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SEJONG, May 20 (Yonhap) -- South Korea will take "appropriate" steps to stabilize its financial markets in case of increased volatility, signaling Seoul's possible intervention in the foreign-exchange market.
Hong Nam-ki, the minister of economy and finance, said South Korea will strengthen the monitoring of financial markets and take preemptive actions against a risk factor amid the escalating trade frictions between the United States and China.
The U.S. has raised its import tariffs to 25 percent from 10 percent on US$200 billion worth of Chinese products. In a tit-for-tat response, China has announced that it will levy higher tariffs on $60 billion worth of U.S. goods.
"We plan to maintain market stability through appropriate measures for stability if volatility increases due to an excessive one-sided movement in financial markets," Hong said in a meeting with officials in Seoul.
Hong did not elaborate on what he meant by appropriate steps, but his comments suggest that South Korea could intervene in the foreign-exchange market to stem the decline of the local currency against the U.S. dollar.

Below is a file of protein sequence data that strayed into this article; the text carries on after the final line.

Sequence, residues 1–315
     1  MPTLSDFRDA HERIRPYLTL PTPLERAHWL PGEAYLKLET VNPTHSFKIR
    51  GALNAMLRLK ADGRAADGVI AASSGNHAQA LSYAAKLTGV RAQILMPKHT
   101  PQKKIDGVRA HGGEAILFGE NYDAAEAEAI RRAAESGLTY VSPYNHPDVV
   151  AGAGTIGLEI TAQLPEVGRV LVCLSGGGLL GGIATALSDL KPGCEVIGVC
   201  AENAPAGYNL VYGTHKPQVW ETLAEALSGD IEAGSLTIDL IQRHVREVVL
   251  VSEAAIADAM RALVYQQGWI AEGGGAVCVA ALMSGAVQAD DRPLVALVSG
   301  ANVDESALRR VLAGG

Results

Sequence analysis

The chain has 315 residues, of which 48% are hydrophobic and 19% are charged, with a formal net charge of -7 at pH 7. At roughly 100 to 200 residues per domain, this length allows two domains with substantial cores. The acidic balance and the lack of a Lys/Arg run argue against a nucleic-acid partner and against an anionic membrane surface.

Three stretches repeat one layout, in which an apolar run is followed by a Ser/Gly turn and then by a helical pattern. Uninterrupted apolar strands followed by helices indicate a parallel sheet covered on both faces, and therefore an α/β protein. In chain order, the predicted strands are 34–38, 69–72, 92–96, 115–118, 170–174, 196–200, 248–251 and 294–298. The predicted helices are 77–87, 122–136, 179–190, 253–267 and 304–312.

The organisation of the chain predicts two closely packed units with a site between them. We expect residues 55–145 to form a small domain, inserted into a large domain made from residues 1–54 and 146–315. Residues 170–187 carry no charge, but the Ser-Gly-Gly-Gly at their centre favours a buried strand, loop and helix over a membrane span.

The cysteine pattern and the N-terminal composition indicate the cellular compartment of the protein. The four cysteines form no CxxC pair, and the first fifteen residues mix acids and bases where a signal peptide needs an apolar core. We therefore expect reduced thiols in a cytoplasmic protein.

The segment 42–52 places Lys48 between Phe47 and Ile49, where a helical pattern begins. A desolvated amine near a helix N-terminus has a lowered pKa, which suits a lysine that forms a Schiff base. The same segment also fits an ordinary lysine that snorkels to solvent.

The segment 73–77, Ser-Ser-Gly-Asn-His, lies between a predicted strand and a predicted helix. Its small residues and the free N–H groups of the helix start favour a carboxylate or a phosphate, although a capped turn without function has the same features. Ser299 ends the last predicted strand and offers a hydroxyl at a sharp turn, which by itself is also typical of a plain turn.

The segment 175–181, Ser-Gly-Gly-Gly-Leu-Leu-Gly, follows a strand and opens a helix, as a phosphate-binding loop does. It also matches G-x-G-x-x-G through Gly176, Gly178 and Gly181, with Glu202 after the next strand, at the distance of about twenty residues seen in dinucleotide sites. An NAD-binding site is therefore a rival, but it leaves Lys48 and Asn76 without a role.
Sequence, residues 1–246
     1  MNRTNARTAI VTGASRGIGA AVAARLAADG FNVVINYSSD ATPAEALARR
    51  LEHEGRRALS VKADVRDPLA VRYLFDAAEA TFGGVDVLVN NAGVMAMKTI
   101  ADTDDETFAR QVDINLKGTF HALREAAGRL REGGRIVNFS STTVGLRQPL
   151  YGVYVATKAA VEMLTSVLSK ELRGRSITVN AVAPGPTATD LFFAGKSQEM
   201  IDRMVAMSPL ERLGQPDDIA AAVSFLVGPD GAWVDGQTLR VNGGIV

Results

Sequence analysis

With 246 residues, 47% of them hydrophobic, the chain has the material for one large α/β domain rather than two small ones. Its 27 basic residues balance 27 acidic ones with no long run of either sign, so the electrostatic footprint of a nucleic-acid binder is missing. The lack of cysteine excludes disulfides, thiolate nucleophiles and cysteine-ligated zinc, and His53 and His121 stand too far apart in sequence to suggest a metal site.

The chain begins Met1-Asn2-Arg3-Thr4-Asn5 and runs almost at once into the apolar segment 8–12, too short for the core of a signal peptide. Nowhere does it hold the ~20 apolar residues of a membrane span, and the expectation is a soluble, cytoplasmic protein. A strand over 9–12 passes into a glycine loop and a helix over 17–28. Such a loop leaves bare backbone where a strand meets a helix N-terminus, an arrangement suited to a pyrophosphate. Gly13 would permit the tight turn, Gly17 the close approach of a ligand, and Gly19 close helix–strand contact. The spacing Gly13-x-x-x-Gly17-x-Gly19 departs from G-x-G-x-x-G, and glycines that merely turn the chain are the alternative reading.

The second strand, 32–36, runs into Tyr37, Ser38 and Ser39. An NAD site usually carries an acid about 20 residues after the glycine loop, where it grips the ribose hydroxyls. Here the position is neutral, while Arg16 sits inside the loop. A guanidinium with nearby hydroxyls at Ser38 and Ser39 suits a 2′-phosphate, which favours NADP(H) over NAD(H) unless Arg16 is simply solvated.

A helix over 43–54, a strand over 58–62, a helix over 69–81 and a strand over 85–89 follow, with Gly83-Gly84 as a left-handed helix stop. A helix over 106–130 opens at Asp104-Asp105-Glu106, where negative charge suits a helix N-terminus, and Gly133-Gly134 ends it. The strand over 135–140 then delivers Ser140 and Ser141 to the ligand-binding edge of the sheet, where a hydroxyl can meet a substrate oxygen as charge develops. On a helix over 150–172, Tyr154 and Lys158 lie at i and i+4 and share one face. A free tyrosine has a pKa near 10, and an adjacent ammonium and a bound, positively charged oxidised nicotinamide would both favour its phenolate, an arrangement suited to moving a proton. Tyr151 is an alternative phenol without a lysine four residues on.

Last Friday, the local currency closed at 1,195.70 won to the dollar, marking a 28-month low against the greenback over the trade frictions between the United States and China.
The local currency was trading at 1,192.10 won against the greenback as of 9:15 a.m., up 3.6 won from the previous session's close.
South Korea's financial authorities sold $187 million in the second half of 2018 to help stabilize the market, the Bank of Korea said in March.
Hong also said any fallout from the trade frictions between the world's two largest economies could seriously affect South Korea. The U.S. and China account for a combined 39 percent of South Korea's exports.
Hong said South Korea will try to diversify its export markets by speeding up its talks with the Philippines, Malaysia and Indonesia on forging free trade agreements.
South Korea has sought stronger economic ties with Southeast Asian countries to reduce its heavy reliance on large markets, like the United States and China, and to foster new growth drivers.
South Korea has clinched a series of free trade agreements with major trading partners, including the U.S. and China, as well as Chile, Peru, Colombia and the Association of Southeast Asian Nations in recent years as part of its efforts to boost the country's export-driven economy and diversify its export markets.
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